Embodiments of the present invention will be readily understood by the following detailed description in conjunction with the accompanying drawings. To facilitate this description, like reference numerals designate like structural elements. Embodiments of the invention are illustrated by way of example and not by way of limitation in the figures of the accompanying drawings.
In the following detailed description, reference is made to the accompanying drawings which form a part hereof wherein like numerals designate like parts throughout, and in which is shown by way of illustration embodiments in which the invention may be practiced. It is to be understood that other embodiments may be utilized and structural or logical changes may be made without departing from the scope of the present invention. Therefore, the following detailed description is not to be taken in a limiting sense, and the scope of embodiments in accordance with the present invention is defined by the appended claims and their equivalents.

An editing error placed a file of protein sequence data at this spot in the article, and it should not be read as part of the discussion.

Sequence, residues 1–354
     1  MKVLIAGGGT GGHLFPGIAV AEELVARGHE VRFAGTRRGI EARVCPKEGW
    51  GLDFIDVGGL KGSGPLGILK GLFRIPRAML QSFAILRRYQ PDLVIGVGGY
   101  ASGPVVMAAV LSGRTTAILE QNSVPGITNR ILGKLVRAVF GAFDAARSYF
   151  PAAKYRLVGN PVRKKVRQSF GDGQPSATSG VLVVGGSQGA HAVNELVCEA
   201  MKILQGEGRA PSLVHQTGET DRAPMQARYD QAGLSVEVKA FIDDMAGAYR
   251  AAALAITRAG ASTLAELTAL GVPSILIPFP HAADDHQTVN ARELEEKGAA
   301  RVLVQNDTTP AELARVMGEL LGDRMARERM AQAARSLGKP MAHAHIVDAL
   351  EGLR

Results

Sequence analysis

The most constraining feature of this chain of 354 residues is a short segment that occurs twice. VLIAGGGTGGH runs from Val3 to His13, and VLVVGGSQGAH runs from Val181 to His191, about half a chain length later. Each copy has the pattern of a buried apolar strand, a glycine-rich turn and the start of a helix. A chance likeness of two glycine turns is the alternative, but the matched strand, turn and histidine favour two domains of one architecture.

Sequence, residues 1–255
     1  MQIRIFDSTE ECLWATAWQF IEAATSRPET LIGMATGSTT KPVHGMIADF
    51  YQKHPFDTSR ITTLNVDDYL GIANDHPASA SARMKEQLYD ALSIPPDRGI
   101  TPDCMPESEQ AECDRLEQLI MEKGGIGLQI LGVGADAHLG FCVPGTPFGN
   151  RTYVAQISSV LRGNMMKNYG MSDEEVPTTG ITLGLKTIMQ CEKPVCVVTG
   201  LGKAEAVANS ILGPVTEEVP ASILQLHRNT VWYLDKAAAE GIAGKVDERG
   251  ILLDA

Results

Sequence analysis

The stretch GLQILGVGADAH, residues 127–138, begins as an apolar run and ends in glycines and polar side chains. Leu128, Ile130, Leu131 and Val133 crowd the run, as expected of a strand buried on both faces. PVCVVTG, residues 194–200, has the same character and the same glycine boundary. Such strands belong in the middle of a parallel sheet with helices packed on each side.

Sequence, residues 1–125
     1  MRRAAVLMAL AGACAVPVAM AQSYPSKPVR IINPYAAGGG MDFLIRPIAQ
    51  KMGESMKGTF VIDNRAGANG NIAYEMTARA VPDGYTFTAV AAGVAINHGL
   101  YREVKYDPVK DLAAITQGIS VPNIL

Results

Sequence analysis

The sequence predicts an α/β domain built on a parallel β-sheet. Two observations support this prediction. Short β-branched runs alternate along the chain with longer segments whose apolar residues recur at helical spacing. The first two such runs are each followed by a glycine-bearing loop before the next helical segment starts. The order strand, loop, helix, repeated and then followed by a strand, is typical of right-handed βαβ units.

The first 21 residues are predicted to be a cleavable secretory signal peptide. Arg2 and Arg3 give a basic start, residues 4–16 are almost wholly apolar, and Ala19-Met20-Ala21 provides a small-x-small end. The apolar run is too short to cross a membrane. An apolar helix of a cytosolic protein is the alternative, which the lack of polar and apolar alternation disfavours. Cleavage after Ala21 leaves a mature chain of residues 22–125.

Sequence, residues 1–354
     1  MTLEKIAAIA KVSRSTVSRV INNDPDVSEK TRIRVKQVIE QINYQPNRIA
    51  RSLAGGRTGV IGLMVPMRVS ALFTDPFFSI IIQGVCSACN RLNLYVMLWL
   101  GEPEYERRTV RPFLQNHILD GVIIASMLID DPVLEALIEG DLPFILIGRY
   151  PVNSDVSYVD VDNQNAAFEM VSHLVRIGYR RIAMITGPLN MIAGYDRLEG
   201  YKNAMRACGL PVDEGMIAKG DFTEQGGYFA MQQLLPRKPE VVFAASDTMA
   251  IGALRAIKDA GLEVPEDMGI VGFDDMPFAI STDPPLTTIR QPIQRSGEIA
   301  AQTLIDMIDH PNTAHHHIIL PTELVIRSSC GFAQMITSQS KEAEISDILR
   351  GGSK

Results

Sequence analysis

Various operations may be described as multiple discrete operations in turn, in a manner that may be helpful in understanding embodiments of the present invention; however, the order of description should not be construed to imply that these operations are order dependent.
For the purposes of the present invention, the phrase “A and/or B” means “(A), (B), or (A and B).” For the purposes of the present invention, the phrase “A, B, and/or C” means “(A), (B), (C), (A and B), (A and C), (B and C), or (A, B and C).”
The description may use the phrases “in an embodiment,” or “in embodiments,” which may each refer to one or more of the same or different embodiments. Furthermore, the terms “comprising,” “including,” “having,” and the like, as used with respect to embodiments of the present invention, are synonymous.
The remote provisioning may be initiated with the PXE boot server 104 and the PXE client 108 engaging in a transport layer security (TLS) exchange 112. The TLS exchange 112 may be a layer 2 exchange wherein the PXE client 108 provides the PXE boot server 104 with a device identifier (hereinafter “devID”) 116 and the PXE boot server 104 authenticates an association of the devID 116 with the PXE client 108. A layer 2 exchange may encapsulate transport layer information directly in data link layer, bypassing network layer services.